Adding to analyses conducted in prior years, we made evaluations of different time frames and calculation methods for assessing the amount of erosion occurring after the Jefferson wildfire, and the critical threshold windspeed. Our preliminary results suggest different threshold windspeed and duration of soil movement events for PM10 dust well above ground (2-5 m) compared to saltation of larger particles near ground (Table 1). Threshold windspeeds appear to have increased substantially over time since burning.

      Table 1. Comparison of different methods for evaluating threshold windspeeds for erosion (windspeed required to move soil) and erosion events, in the first few months after July wildfire (2010 Jefferson Fire, 108K acres; Aug to mid-Nov 2010), and after the first winter but prior to the first bit of vegetation recovery (Apr through Jun 2011). Erosion was measured as saltation (bouncing soil particles within a few cm of the soil surface) by a “Sensit” instrument along with windspeeds with cup anemometers, and PM10 was measured with a Met-One (E-sampler) PM10 (particles < 10 micron) detector, and friction velocity (U*) with sonic anemometers and eddy covariance calculations. The Gausian method relates saltation or PM10 activity to a frequency distribution of windspeeds within 5-min periods, whereas the “instantaneous” method is simply finding the windspeed at which saltation or PM10 emissions occur. (Unpublished data of MJ Germino, in preparation for publication.) Wildfire Erosion

      This information is preliminary and is subject to revision. It is being provided to meet the need for timely best science. The information is provided on the condition that neither the U.S. Geological Survey nor the U.S. Government may be held liable for any damages resulting from the authorized or unauthorized use of the information.

      Plans for Continuation: Field research will continue into the foreseeable future.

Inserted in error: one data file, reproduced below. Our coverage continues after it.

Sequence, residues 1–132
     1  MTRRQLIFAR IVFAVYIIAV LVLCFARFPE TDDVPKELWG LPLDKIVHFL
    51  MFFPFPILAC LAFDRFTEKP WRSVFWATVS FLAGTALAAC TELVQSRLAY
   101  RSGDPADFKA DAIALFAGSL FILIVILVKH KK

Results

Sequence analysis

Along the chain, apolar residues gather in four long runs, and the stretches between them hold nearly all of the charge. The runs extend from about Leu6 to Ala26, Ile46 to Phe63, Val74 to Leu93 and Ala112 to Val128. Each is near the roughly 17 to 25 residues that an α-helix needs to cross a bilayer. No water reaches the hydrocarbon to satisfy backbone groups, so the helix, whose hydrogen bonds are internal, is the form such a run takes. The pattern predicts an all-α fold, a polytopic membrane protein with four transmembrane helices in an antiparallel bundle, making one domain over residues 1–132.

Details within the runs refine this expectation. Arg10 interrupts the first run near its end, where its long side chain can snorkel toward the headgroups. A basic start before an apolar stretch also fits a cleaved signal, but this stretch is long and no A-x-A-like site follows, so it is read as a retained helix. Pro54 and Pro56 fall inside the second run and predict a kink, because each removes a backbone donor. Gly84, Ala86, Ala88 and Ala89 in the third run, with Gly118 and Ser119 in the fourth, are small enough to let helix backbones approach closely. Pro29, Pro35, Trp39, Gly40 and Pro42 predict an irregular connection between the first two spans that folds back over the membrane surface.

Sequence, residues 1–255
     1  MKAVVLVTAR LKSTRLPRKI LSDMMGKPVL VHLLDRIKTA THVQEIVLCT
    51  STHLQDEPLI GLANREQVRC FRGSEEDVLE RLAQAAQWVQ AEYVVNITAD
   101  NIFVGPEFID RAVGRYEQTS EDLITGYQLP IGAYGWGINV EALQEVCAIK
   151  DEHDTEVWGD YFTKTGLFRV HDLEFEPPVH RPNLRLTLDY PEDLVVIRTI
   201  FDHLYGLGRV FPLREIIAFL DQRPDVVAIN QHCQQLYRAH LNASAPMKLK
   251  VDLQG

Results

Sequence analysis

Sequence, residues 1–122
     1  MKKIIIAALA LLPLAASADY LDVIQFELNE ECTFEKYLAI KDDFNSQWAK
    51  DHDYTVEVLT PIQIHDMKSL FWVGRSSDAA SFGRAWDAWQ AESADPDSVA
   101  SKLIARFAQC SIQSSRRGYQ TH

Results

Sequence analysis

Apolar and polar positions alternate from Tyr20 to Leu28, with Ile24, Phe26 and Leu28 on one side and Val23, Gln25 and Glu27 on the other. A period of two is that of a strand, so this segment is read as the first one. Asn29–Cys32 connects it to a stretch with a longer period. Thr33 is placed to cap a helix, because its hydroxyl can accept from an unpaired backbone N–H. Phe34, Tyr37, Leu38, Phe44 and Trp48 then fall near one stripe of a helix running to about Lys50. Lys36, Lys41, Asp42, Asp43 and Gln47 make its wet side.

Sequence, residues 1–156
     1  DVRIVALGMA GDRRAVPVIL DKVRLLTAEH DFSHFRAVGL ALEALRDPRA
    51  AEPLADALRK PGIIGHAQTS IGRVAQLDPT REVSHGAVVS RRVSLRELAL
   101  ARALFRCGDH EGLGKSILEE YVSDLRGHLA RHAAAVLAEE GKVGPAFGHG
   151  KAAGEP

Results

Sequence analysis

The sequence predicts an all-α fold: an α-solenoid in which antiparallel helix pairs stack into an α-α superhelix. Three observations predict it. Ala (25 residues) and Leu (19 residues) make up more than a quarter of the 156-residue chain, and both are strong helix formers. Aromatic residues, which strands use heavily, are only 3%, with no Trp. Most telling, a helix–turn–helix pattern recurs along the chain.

Publications, Theses, Reports:
      Publications:
      • Wagenbrenne, N., M. Germino, B. Lamb, P. Robichaud, R. Foltz. 2013. Wind erosion from a sagebrush steppe burned by wildfire: Measurements of PM10 and horizontal sediment flux. Aeolian Research. http://dx.doi.org/10.1016/j.aeolia.2012.10.003.
      • Sankey, J., M. Germino, T. Sankey, A. Hoover. 2012. Fire effects on the spatial patterning of soil properties in sagebrush steppe, USA: Meta-analysis. International Journal of Wildland Fire 21:545 – 556.
      • Sankey, J., M. Germino, N. Glenn, S. Benner. 2012. Bioavailable nutrients transported by wind in an eroding cold desert. Aeolian Research 17-27.
      • Sankey, J., M. Germino, N. Glenn. 2012. Dust supply varies with sagebrush microsites and time since burning in experimental erosion events. Journal of Geophysical Research- Biogeosciences 117:1-13.
      • Hoover, A, M. Germino. 2012. Post-fire, Resource-Island Effects on Bromus tectorum and Pseudoroegneria spicata: Evidence From a Common-Garden Study. Rangeland Ecology and Management 65:160-170.

      Presentations:
      • Germino, M. 2013. Post-fire wind erosion and air quality. EPA Region 10, Air Quality Conference, Ellensburg WA, March 13
      • Germino, M. 2013. Post-fire wind erosion: risks and resilience. National Fire Emergency Stabilization and Rehabilitation Program, Boise, ID, Feb 26
      • Germino, M. 2013. Dust, an emerging problem in the Great Basin: insights from 2012. Great Basin Consortium, 2nd annual meeting, Boise, ID, January 14
      • Germino, M. 2012. Weather and post-fire wind erosion Climate Forum, Great Basin. Desert Research Institute, Reno NV, October 17 Germino, M. 2012. Post-fire wind erosion. JFSP SageSTEP/Great Basin Soc. Ecological Restoration Field Day, Roberts, ID, June 7 Germino, M., N. Glenn, J. Sankey. Ecological biogeomorphology: meta-analysis of post-fire wind erosion in sagebrush steppe. Ecological Society of America Annual Meeting, Portland, Aug 5.